Forging futures 
Rachel Harkness (University of Edinburgh)
Jennifer Clarke (Gray's School of Art, Robert Gordon University)
Start time:
15 May, 2014 at 15:30 (UTC+0)
Session slots:

Short Abstract:

We will trial ways of working that grow from engagements with the stuff of the world. How might the relation between academic inquiry and the knowledge it yields, particularly in regard to sustainable futures, be reconfigured by experimental approaches whose outcomes could include works of art?

Long Abstract

Conventional research protocols expect the scholar to treat the world as reserve from which to draw empirical material for subsequent interpretation in light of appropriate theory. As an alternative, our panel will consider anthropologies which trial ways of working that grow from direct, practical and observational engagements with the stuff of the world. We approach theoretical thinking as embedded in observational practice: emphasising studying with things or people instead of making studies of them. This has long been key to anthropology; it is also central to arts practice, as it is to the contingent disciplines of architecture and design. This panel invites proposals which are equally concerned with such anthropologies with.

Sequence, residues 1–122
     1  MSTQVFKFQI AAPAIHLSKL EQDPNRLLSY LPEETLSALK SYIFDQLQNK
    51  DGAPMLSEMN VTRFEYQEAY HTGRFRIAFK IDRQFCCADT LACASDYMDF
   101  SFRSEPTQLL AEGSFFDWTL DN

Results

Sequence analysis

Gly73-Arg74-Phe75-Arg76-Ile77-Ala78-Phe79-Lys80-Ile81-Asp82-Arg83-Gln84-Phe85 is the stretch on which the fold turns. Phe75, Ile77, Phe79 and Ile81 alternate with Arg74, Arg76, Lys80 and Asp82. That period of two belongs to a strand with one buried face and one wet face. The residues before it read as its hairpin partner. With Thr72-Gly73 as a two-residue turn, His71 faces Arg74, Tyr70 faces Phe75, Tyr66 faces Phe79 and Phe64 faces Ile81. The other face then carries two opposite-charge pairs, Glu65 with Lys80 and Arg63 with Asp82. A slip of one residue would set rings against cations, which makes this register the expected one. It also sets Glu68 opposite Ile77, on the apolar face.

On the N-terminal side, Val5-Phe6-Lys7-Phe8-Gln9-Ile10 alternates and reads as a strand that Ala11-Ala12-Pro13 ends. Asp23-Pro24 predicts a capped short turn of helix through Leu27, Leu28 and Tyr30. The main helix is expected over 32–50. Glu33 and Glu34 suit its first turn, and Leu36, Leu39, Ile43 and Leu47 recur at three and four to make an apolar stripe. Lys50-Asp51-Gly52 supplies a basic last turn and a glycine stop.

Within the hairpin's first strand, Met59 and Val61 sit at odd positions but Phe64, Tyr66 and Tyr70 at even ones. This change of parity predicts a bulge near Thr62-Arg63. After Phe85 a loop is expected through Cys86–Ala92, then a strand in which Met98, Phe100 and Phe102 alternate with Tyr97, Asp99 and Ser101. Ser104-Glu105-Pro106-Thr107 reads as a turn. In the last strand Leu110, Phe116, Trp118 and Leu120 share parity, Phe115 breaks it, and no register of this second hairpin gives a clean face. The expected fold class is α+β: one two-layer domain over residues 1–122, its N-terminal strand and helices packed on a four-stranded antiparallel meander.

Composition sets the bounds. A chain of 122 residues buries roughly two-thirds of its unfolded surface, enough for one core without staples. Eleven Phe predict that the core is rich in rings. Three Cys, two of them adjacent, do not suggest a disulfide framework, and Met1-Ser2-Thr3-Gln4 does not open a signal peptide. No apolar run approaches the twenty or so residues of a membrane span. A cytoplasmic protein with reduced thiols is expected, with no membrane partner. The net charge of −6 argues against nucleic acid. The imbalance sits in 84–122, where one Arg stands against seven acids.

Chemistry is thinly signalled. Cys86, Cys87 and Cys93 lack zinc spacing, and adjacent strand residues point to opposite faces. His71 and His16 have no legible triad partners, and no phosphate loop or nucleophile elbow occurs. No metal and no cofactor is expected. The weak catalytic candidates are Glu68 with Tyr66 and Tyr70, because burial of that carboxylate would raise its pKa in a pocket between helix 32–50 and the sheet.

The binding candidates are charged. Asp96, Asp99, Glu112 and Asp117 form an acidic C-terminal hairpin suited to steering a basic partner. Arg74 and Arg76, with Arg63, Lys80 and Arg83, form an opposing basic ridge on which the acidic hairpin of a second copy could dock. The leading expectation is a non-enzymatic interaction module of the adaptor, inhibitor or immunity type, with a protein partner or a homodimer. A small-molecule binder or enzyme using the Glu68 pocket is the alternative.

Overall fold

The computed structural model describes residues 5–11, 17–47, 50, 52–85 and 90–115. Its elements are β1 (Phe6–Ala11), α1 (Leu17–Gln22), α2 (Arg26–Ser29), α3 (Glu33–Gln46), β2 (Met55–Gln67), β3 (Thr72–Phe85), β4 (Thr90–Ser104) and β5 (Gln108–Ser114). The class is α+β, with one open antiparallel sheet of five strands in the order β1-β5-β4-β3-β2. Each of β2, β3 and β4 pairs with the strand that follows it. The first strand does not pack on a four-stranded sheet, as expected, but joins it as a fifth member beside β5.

Forging Futures emerges from the Knowing From the Inside project at the Department of Anthropology, University of Aberdeen, Scotland. The aim of this project is to reconfigure the relation between the practice of academic inquiry in the human sciences and the knowledge to which it gives rise. Our method is distinguished by observation and experiment, the outcomes of which will include works of art or craft, performances and installations. Our aim is to promote a hope-full anthropology committed to enriching the lives of those with whom we work and rendering them more sustainable.

Contributions are sought which engage questions of thinking-through-making and forging sustainable futures. We are particularly interested in how these topics relate. What might speculative, open-ended approaches in anthropology look like? How can anthropologies contribute to forging futures that are environmentally and socially just?

Accepted papers: